CDS and Bankruptcy

| Fri Apr. 17, 2009 10:31 AM EDT

Via Megan McArdle, the Financial Times reports that credit default swaps may be responsible for forcing more companies into bankruptcy proceedings.  The problem, apparently, is that normally bondholders have an incentive to negotiate a deal that would stave off Chapter 11, since a judge in a bankruptcy settlement is likely to force them to take big haircuts on their debt.  If they can do a little better in a negotiated settlement, they'll play ball.

But if their debt is insured via CDS, and the U.S. government has made it clear that CDS will be paid off 100% even if the insurer is underwater, they're actually better off if the company defaults.  From the FT on a couple of recent failures:

"We have seen CDS becoming a significant factor" when negotiations on out-of-court restructurings fail, said Alan Kornberg, the partner in charge of the bankruptcy practice at Paul, Weiss, Rifkind, Wharton & Rice, speaking generally. "We used to talk about the practice theoretically but now we see cases where it is hard to get lenders to agree to tender or to compromise and then you find out that these holdouts had significant CDS protection."

....Some creditors, including Citigroup, which held a small exposure to AbitibiBowater, hedged themselves in the CDS market, meaning their economic interest in the deal was different to lenders who had not bought credit insurance, according to people familiar with the matter. Citigroup declined to comment.

Lawyers say CDS holdings were also a factor in the default and filing for Chapter 11 protection of General Growth Properties this week. Restructuring advisers expect many more such cases involving so-called fallen angels, or firms originally investment grade, since CDS was widely sold on such names.

Presumably this happens because CDS buyers get paid off in the event of a Chapter 11 proceeding, but they don't if they've negotiated the haircut themselves.  This makes sense, since doing otherwise would align incentives too far in the other direction (i.e.,  bondholders would have no incentive to negotiate any value at all in a settlement if they're going to be made whole regardless).  Megan suggests that maybe CDS issuers should be allowed to join reorganization negotiations, the same way ordinary insurers are.  Perhaps so, though that doesn't help with the trillions of dollars of existing CDS whose terms are already set in stone.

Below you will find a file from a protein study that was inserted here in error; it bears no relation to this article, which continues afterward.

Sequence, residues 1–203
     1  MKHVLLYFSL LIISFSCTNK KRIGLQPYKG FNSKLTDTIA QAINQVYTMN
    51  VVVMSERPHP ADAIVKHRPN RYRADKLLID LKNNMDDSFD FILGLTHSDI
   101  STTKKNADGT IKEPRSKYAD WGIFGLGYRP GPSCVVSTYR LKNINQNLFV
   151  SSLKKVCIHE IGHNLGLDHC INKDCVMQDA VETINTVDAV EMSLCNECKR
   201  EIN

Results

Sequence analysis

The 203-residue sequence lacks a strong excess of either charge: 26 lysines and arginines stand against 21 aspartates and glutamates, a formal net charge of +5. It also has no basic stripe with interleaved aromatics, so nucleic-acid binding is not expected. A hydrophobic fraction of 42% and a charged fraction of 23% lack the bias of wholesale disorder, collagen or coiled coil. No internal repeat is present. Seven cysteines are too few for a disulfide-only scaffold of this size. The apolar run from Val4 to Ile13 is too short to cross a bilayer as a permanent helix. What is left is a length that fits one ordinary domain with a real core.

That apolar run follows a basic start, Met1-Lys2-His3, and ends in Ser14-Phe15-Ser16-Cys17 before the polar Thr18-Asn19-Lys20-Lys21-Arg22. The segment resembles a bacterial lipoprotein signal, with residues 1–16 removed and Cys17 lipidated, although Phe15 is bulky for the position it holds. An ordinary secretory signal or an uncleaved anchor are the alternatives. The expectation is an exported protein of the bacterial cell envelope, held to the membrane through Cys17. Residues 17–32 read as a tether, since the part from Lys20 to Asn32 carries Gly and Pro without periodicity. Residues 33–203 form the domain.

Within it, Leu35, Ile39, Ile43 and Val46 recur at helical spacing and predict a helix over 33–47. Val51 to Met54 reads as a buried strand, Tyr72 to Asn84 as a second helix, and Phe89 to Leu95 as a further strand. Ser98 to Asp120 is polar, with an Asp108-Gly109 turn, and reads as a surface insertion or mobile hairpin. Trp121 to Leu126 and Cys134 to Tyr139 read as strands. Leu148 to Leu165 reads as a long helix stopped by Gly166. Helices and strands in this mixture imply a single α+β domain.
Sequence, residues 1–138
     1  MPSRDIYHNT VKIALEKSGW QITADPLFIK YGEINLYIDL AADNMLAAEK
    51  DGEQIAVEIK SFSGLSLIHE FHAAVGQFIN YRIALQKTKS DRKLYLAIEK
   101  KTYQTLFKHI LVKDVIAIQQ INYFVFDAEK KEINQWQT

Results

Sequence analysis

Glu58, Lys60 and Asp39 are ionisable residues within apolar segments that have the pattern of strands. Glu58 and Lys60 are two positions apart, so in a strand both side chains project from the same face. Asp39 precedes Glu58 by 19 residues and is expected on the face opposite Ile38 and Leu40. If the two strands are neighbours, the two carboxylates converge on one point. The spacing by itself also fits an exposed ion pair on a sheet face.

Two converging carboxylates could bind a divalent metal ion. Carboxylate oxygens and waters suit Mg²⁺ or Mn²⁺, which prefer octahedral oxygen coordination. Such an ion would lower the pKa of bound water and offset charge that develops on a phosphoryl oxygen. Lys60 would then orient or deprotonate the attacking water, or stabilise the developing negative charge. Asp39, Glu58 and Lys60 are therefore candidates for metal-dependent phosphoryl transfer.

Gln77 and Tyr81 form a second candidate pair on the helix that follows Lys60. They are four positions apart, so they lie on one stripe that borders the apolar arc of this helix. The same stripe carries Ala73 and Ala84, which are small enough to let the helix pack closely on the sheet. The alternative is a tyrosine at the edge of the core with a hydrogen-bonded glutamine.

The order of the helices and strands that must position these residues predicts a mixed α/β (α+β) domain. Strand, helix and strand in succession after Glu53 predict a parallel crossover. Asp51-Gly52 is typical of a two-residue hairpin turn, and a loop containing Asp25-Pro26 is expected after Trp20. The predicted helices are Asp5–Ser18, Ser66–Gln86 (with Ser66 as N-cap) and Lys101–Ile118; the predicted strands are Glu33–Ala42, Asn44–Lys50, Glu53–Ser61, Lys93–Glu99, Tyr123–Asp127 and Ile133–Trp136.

Sigh.  Yet another problem for CDS fans to address.

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Chris Dodd's Big Money Funders

| Fri Apr. 17, 2009 9:20 AM EDT

You may have seen a Connecticut Post report floating around the Internet this morning that looks at Sen. Chris Dodd's fundraising report from the first quarter of 2009 and finds that there are only five citizens from Connecticut who donated. Those five plucky Nutmeg Staters gave a total of $4,250. Dodd has a 33 percent popularity rating and is losing in hypothetical match-ups to basically every Republican pollsters can find. The citizens of CT clearly don't want him around. So how did Dodd raise $1,048,674 in just three months?

As Daniel Schulman and I report in our story today, it mostly came from Big Finance. Here's the breakdown. Executives and PACs representing banks, financial services companies, and real estate brokerages gave Dodd at least $299,000. (NB: That means the folks that Dodd, chairman of the Banking committee, is supposed to oversee gave 70 times more than the folks Dodd is supposed to represent.) Insurers and health care interests gave $48,000. And lobbyists, many of whom have Wall Street clients, chipped in $62,800 more.

So there you have it. It's no wonder the folks that Dodd represents aren't terribly excited about having him back. It's not clear who he represents anymore.

Update: Keep in mind, there is a way to eliminate this whole money-in-politics game....

A Question for Goldman Sachs

| Fri Apr. 17, 2009 12:31 AM EDT

Back in September, Goldman Sachs received a $5 billion capital investment from Warren Buffett that requires interest payments of 10%.  A month later they received a $10 billion capital injection from the Treasury that requires interest payments of only 5%.  Given that Buffett's terms are far more onerous, Richard Bove wants to know why Goldman is planning to pay back the Treasury's investment:

"If you were thinking of shareholders first, you would get rid of the most onerous amount first, and that would benefit shareholders....However, if you pay off TARP you are eliminating all of the restrictions on paying management," Bove told "You shouldn't be diluting existing shareholders to pay off TARP so you can pay management more money."

This should become a case study in principal-agent research.  If Goldman management were primarily concerned with shareholder value, they'd pay off Buffett.  But if they're more concerned with their own personal welfare, they'll pay off Treasury.  Apparently they've made their choice.

Needless to say, though, they're not planning to give up all the other government aid they're getting.  From the Washington Post: